Δευτέρα, 30 Σεπτεμβρίου 2013

Maila Nurmi as Vampira


Maila Nurmi (1922 – 2008) was a Finnish-American actress who created the campy 1950s character Vampira. She portrayed Vampira as TV's first horror host and in the Ed Wood cult film Plan 9 from Outer Space. She is also billed as Vampira in the 1959 movie The Beat Generation where she plays a beatnik poet. The Vampira Show was an American variety show hosted by Vampira. The series aired on the Los Angeles ABC television from April 30, 1954, through April 2, 1955. The series was produced and created by Hunt Stromberg, Jr., and featured the Vampira character created by Maila Nurmi. Though the show was unseen outside of the Los Angeles area, The Vampira Show has become a cult classic, spawning fan clubs the world over.


Vampira's personality was based on elements of several silent film actresses including Theda Bara and Gloria Swanson as well as the Evil Queen from Walt Disney's Snow White and the Seven Dwarfs. In Vampira: The Movie, Nurmi reveals she appropriated the long cigarette holder and extra-long fingernails from the Dragon Lady character in the Terry and the Pirates comic strip. The new costume was inspired by the artwork of John Willie featured in the fetish magazine Bizarre. Each show began with the spectral image of the wasp-waisted Vampira gliding through knee-deep fog down a dark corridor toward the viewer. At the end of her trance-like walk she would suddenly let out a long, piercing scream as the camera zoomed in on her face. She would then smile and coyly remark, "Screaming relaxes me so." After that Nurmi would sit on a Victorian double-ended sofa decorated with skulls and introduce the movie of the night, sometimes pausing to play with her pet spider Rolo, talk with off-camera ghosts, torment her advertiser, Fletcher Jones, in amusing commercials, or drink a Vampira Cocktail at her poison bar.


Despite its popularity, the series was canceled in 1955 when Nurmi refused to sell her rights to the character to ABC.Nurmi revived the series for a short time in 1956 on KHJ-TV. After the series demise, Nurmi appeared in the cult Ed Wood's film Plan 9 From Outer Space (1959), dressed as Vampira but out of character. The original Vampira Show has never aired outside the Los Angeles area due to it being originally broadcast live and not being preserved as kinescopes for future airings. No footage of the show is known to exist, however, in the 1990s a kinescope advertising the station's ability to draw clients to advertisers featuring Nurmi in character was discovered. The clips used in the kinescope were re-shot segments using a previous episode's script.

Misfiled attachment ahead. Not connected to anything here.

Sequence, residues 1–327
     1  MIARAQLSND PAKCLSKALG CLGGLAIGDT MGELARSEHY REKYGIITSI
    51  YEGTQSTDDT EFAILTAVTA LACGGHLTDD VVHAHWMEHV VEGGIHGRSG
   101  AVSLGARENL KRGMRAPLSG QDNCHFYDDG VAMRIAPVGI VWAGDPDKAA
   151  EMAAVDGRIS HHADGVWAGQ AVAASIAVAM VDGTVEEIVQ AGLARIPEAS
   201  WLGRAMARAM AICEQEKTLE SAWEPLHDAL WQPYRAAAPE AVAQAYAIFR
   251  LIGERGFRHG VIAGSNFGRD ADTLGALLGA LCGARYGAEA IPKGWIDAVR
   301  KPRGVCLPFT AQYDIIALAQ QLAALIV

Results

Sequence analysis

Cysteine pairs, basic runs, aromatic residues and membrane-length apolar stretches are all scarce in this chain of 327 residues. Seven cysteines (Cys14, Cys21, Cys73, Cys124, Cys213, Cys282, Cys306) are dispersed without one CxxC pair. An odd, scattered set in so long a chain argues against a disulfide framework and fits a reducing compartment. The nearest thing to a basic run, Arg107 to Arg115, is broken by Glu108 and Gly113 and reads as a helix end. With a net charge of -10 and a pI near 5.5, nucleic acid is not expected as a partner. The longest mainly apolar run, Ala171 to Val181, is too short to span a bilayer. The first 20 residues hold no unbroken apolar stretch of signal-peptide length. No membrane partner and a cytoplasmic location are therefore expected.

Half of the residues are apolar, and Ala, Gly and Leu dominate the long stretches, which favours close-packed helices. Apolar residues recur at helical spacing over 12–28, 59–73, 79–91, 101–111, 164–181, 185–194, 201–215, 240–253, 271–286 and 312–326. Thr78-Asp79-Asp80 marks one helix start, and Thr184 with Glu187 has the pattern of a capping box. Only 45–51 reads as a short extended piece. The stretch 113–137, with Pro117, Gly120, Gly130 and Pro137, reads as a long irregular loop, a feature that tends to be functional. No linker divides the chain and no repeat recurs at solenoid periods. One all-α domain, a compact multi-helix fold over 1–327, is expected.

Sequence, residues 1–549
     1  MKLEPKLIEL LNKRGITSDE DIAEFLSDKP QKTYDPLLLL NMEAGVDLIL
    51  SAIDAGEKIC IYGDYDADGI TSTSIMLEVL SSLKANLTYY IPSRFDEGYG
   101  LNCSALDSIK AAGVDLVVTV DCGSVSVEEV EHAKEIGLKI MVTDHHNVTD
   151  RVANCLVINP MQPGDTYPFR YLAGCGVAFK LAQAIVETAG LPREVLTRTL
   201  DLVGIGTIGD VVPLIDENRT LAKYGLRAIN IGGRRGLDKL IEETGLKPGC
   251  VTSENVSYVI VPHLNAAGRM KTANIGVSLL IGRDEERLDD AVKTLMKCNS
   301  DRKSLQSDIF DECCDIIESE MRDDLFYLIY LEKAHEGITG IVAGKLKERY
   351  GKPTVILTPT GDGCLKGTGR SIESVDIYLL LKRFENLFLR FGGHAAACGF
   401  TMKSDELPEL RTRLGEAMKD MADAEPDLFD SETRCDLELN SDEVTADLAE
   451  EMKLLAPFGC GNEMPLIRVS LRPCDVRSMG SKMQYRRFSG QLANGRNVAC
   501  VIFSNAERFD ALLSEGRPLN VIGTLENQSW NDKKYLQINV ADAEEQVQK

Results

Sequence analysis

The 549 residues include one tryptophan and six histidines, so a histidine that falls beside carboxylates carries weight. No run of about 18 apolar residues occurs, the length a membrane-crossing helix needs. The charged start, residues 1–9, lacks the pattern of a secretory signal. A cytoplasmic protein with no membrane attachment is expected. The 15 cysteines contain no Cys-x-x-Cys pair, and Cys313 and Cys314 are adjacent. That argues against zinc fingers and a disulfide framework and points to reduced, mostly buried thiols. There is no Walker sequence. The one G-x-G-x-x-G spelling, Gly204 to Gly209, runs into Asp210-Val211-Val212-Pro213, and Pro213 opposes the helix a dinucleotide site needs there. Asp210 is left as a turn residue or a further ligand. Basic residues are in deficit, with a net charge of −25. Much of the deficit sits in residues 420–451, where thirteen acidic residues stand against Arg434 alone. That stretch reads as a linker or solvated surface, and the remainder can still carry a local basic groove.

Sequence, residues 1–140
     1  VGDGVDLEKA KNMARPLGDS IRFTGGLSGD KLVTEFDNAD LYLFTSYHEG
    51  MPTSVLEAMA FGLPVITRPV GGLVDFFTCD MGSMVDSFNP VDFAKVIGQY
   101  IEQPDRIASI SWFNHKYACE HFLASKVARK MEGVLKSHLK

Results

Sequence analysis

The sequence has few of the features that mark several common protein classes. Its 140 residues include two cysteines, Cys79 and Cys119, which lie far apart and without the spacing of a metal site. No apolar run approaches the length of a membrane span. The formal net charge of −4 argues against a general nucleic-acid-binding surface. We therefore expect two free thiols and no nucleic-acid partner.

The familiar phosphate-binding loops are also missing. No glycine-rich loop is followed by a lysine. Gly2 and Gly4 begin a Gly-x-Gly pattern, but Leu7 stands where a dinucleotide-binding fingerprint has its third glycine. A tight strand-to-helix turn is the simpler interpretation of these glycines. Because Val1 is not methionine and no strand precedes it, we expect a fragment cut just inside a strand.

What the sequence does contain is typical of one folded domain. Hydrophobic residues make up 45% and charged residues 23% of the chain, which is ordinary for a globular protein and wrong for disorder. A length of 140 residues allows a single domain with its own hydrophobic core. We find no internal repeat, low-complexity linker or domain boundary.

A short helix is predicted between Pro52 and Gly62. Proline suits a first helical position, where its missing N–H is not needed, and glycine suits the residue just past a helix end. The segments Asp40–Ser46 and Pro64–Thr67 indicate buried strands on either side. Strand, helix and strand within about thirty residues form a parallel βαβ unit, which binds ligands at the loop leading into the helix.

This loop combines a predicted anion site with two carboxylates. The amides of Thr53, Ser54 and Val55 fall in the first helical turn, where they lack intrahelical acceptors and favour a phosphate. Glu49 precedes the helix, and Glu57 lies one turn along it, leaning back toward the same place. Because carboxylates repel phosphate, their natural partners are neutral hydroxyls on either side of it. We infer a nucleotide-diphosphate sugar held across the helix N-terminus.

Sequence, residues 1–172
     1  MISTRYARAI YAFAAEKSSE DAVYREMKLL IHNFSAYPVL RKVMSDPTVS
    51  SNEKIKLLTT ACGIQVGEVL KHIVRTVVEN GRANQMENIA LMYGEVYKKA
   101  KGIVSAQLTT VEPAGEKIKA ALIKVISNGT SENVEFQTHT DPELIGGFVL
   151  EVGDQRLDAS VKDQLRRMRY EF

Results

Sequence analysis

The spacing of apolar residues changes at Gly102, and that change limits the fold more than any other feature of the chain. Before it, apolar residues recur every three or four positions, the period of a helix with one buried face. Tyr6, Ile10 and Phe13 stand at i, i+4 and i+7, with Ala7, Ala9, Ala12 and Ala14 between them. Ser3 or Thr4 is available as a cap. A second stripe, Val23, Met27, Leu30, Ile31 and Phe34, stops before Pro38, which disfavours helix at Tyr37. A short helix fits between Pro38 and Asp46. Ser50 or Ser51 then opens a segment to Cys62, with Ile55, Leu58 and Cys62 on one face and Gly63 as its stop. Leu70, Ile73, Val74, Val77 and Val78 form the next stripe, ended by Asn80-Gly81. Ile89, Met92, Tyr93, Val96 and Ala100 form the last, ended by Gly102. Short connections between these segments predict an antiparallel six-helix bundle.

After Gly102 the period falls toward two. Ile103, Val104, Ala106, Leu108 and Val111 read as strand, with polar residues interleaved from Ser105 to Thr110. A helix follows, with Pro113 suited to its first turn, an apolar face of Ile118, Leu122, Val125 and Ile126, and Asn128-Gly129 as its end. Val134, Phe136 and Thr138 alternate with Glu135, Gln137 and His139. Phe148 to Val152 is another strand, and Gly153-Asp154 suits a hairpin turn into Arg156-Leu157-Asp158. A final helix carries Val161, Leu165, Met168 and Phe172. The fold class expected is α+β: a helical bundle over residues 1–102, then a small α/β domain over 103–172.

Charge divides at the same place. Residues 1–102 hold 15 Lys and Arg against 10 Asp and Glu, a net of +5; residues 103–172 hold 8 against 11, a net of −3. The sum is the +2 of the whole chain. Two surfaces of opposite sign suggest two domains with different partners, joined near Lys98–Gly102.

Δευτέρα, 23 Σεπτεμβρίου 2013

Enrique Metinides


Enrique Metinides(1934-) is a Mexican photographer known for his stark and often grisly depictions of life in Mexico City. He worked as a photographer from 1949 to 1979 as part of the "Nota Roja" (or "bloody news"), shooting arresting photos of crime, murder, airplane crashes and other disasters for Mexico City tabloids. As a photographer of accidents, disasters and tragedies, 70 years old Enrique Metinides has spent more than fifty years taking pictures of every tragedy imaginable in Mexico City. His work documents a macabre history of the city and its deterioration from the relatively peaceful and naive capital of the fifties to the schizophrenic megalopolis of the twenty first century. His camera not only portrays tragedy and its direct relation to negligence, corruption and urban misery, but also the spectacle of the tragedy, in which masses are crowded in peculiar fashion. His unique style brings together straight investigation with surreal, sensitive and hypnotic imagery.

Mexico City, April 29, 1979. This woman was a famous journalist on her way to a release party for one of her books. Two cars crashed, ran over her, and killed her. Nonetheless, her make up remains intact and her eyes seem to be staring sadly, but almost dreamingly at the skies.


A Woman Grieves over Her Dead Boyfriend, Stabbed in Chapultepec Park While Resisting Robbers, Mexico City, 1985

1971, fatal electrocution of an electricity worker